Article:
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The traditional Middle East and the G8's Greater Middle East.
The traditional Middle East and the G8's Greater Middle East.
The Middle East is a historical and cultural subregion of Africa-Eurasia traditionally held to be countries or regions in Southwest Asia together with Egypt. In other contexts, the region can include other parts of North Africa and/or Central Asia. Pakistan and the Caucasus are generally not included in the region.

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Indirect translations
Similar terms
Middle Easterner
Regions of the Middle East

Characteristics - Contents

The Middle East is generally thought of as a predominantly Islamic Arabic community. However the area encompasses many distinct cultural and ethnic groups, including the Arabs, Assyrians, Berbers, Greeks, Jews, Iranians, Maronites, Kurds, Druze and Turks. The main language groups include: Arabic, Assyrian (also known as Aramaic and Syriac), Hebrew, Persian, Kurdish and Turkish. The corresponding adjective is Middle-Eastern and the derived noun is Middle-Easterner.Most Western definitions of the "Middle East" -- in both established reference books and common usage -- define the region as 'nations in Southwest Asia, from Iran (Persia) to Egypt'. Consequently, Egypt, with its Sinai Peninsula in Asia, is usually considered part of the 'Middle East', although most of the country lies geographically in North Africa. North African nations without Asian links, such as Libya, Tunisia and Morocco, are increasingly being called North African -- as opposed to Middle Eastern (Iran to Egypt - Asia) -- by international media outlets.One widely used definition of "Middle East" is that of the airline industry, maintained by the IATA standards organization. This definition—as of early 2006—includes Bahrain, Egypt, Iran, Iraq, Israel, Jordan, Kuwait, Lebanon, Palestinian Territory, Oman, Qatar, Saudi Arabia, Sudan, Syrian Arab Republic, United Arab Emirates, and Yemen. [1] This definition is used in world-wide airfare and tax calculations for passengers and cargo.

History - Contents

A map showing countries commonly considered to be part of the Middle East
A map showing countries commonly considered to be part of the Middle East
The Middle East is the birthplace and spiritual center of Judaism, Christianity, and Islam. The region saw both periods of relative tolerance and violence. In the 20th century, it has been at the center of world affairs, and has been strategically, economically, politically, culturally, and religiously sensitive area. It possesses significant stocks of crude oil. See also List of conflicts in the Middle East.

Borders - Contents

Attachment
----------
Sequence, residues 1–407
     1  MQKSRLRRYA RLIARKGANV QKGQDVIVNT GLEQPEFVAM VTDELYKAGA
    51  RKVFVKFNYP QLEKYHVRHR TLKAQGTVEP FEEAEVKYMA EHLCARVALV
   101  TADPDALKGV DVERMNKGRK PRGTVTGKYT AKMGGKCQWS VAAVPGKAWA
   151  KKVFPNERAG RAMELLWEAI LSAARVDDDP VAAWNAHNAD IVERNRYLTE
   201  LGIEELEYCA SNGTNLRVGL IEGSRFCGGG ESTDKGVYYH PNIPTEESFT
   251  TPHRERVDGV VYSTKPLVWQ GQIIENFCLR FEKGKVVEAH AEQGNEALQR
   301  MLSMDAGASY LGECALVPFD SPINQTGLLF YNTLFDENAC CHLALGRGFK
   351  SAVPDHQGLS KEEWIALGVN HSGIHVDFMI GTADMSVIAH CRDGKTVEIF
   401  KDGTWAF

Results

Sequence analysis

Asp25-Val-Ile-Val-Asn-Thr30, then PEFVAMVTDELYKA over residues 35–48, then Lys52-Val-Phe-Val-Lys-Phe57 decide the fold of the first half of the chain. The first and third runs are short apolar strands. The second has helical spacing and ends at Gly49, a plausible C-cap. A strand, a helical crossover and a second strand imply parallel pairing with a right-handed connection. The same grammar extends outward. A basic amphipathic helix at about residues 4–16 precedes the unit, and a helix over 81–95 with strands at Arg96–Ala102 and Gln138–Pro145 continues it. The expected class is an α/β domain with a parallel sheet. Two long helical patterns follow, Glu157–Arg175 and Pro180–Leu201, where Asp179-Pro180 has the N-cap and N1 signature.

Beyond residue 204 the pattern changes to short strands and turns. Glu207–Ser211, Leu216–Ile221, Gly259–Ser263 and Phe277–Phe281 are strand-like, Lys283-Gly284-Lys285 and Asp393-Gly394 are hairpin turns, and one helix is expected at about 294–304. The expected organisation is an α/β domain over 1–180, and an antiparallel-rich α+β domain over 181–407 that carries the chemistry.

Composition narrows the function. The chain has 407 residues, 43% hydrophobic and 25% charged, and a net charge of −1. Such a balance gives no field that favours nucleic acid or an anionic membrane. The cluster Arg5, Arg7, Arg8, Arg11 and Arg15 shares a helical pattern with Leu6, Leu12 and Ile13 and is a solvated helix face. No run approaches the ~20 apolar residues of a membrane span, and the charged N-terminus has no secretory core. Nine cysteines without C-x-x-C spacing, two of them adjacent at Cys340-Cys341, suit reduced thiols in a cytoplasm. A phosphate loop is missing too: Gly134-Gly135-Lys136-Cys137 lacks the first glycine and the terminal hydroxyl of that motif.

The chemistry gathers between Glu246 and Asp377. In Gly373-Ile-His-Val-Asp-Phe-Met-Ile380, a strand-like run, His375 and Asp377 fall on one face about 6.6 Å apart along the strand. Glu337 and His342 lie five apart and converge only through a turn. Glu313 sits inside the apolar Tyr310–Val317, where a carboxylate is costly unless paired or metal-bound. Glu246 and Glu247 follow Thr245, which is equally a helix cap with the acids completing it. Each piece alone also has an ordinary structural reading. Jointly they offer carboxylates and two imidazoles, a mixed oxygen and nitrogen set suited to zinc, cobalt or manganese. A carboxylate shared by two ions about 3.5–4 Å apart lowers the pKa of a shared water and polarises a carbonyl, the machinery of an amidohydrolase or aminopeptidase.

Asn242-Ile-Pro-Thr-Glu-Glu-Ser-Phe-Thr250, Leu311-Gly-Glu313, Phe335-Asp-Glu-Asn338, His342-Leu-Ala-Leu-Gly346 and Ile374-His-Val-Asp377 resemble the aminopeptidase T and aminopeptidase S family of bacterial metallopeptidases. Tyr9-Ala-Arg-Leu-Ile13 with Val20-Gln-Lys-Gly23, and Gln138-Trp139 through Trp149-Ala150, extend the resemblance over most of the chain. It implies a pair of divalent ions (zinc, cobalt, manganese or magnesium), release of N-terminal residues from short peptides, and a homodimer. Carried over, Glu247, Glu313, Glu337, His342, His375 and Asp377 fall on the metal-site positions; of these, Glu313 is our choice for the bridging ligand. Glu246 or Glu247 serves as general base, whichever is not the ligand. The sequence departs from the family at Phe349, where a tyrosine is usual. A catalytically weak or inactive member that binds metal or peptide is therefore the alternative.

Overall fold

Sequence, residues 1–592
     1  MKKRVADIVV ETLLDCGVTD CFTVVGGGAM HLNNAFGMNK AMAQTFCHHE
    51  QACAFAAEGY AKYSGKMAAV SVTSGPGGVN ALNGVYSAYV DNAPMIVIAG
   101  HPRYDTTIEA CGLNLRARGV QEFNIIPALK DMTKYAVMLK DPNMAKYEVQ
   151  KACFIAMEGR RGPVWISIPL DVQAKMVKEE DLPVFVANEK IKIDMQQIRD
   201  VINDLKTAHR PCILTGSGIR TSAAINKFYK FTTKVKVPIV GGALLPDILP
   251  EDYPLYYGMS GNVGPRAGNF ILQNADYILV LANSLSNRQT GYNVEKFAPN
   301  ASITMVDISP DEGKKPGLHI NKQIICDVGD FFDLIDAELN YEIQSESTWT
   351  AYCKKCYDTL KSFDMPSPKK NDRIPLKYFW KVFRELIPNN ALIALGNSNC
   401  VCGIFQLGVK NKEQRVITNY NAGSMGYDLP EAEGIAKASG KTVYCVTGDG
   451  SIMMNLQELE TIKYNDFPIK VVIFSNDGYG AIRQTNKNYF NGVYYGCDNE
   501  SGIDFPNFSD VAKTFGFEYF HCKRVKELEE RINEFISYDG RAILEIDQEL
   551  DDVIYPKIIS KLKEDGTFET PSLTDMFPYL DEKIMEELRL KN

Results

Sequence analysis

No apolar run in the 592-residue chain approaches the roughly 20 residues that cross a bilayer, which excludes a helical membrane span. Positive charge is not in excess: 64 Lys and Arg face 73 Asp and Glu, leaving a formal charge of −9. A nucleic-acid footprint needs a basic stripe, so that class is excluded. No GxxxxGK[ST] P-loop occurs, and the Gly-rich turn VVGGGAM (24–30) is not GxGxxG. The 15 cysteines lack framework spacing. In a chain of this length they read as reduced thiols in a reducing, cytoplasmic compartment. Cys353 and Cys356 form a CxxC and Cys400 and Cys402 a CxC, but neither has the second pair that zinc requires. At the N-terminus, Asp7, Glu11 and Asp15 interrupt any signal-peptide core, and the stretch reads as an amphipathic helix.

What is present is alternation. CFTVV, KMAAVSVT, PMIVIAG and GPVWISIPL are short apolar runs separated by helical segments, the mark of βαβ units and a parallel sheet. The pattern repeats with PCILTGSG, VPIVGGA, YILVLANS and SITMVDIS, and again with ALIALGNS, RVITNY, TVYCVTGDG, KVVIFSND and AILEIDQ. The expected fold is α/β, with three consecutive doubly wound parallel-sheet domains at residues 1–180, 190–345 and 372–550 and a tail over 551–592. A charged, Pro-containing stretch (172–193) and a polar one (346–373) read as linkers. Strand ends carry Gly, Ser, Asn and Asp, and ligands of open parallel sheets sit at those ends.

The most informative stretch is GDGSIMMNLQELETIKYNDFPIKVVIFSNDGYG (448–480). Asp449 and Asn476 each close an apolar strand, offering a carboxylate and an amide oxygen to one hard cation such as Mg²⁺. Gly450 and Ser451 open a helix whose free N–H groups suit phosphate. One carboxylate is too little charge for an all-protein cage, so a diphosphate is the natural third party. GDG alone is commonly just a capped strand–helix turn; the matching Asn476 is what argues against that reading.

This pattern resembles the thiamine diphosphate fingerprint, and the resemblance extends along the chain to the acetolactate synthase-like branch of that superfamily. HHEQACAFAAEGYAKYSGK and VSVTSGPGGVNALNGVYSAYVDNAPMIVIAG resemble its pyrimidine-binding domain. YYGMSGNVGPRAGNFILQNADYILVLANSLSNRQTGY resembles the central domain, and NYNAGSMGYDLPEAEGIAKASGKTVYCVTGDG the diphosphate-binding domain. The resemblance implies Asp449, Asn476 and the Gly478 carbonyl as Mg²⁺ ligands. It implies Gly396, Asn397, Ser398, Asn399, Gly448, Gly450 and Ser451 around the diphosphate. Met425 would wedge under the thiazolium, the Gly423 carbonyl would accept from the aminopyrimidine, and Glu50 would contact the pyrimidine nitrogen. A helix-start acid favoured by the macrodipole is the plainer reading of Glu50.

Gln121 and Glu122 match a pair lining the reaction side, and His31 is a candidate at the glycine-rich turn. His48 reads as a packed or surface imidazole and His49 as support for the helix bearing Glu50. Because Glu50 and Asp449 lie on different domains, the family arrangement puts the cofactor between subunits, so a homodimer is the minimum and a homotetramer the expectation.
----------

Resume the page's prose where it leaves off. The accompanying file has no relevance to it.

Middle East defines a cultural area, so it does not have precise borders. The most common and highly arbitrary definition includes: Bahrain, Cyprus, Egypt, Turkey, Iran (Persia), Iraq, Israel, Jordan, Kuwait, Lebanon, Oman, Qatar, Saudi Arabia, Syria, the United Arab Emirates, Yemen, the West Bank and the Gaza Strip.Iran is often the eastern border, but Afghanistan and western Pakistan are often included due to their close relationship (ethnically and religiously) to the larger group of Iranian peoples as well as historical connections to the Middle East including being part of the various empires that have spanned the region such as those of the Persians and Arabs among others. Afghanistan, Tajikistan, and western Pakistan ( Baluchistan and North West Frontier Province) share close cultural, linguistic, and historical ties with Iran and are also part of the Iranian plateau, whereas Iran's relationship with Arab states is based more upon religion and geographic proximity. Also the Kurds, another group of Iranic linguistic extraction, are the largest ethnic group in the Middle East without their own state.North Africa or the Maghreb, although often placed outside the Middle East proper, does have strong cultural and linguistic links to the region, and historically has shared many of the events that have shaped the Mediterranean and Middle Eastern regions including those prompted by Phoenician-colonized Carthage and Greco-Roman civilization as well as Muslim Arab- Berber and Ottoman empires. The Maghrib is sometimes included, sometimes excluded from the Middle East by the media and in informal usage, while most academics continue to identify North Africa as geographically a part of Africa, but being closely related to southwestern Asia in terms of politics, culture, religion, language, history, and genetics. This can be compared with other similar instances in which, for example, Tasmania and Newfoundland, geographically non-European, share many such traits with northwestern western Europe while Madagascar is in some of these respects more like southeast Asia than southeast Africa.The Caucasus region, Cyprus, and Turkey, although often grouped into Southwest Asia based upon geographic proximity and continuity, are generally considered culturally and politically European due to their various historic and recent political ties to that region. For example, Armenia and Cyprus, although both exist in close geographic proximity to the Middle East, possess two important criteria that links them more to Europe than to the Middle East: their national identity that combines an Indo-European linguistic background and majority populations that adhere to Christianity, which are both factors that do not correspond with most typically Middle Eastern countries some of whom possess one trait (Indo-European languages dominate Iran and Afghanistan for example) or the other (Lebanon is the only country that may have a Christian majority but this remains speculative as well). Turkey possesses neither of these European traits, but has deep historic (and according to genetic research DNA) connections with Europe since it was the site of the Byzantine Empire and the Ottoman Empire that overlapped into Europe. As a prospective candidate of the European Union and a long-time member of NATO, Turkey has adopted the secular traits that dominate Europe and has severed many of its ties to the Middle East with the notable exception of the religion of Islam. Both Georgia and Azerbaijan were radically altered by the dominion of the Russian Empire and the Soviet Union and are seen as more 'European' than Middle Eastern and generally viewed as a regional bloc in the Caucasus region. Central Asian countries from the former Soviet Bloc also show varying degrees of affinity and historical ties to the Middle East, but not in any uniform fashion. While the southern states of Turkmenistan, Uzbekistan, and Tajikistan display many cultural, historical, and socio-political similarities to the Middle East, Kazakhstan and Kyrgyzstan are examples of more remote and mixed cultures. As a result, these states are often viewed as Eurasian (in ways similar to the Caucasus) and their Russian/Soviet past has set them apart in various ways from the Middle East, while there has been a movement to re-establish ties to the region in Tajikistan, for example, based upon their ethno-linguistic affinities with Iran and Afghanistan. Like the Caucasus and Turkey, Central Asia has strong secular and 'western' affinities that are both Soviet legacies, although this may change with some recent shifts towards a historical-cultural renaissance and resurgence of Islamic identity that were suppressed for decades by Soviet authorities.The State of Israel also represents a unique fusion of European and Middle Eastern traits, but due to geographic continuity with the Levant and a majority population that is predominantly Middle Eastern (including Sephardic Jews, Sabras, Israeli Arabs, etc.), it perhaps shares more similarities with its neighbors then is readily apparent from media coverage.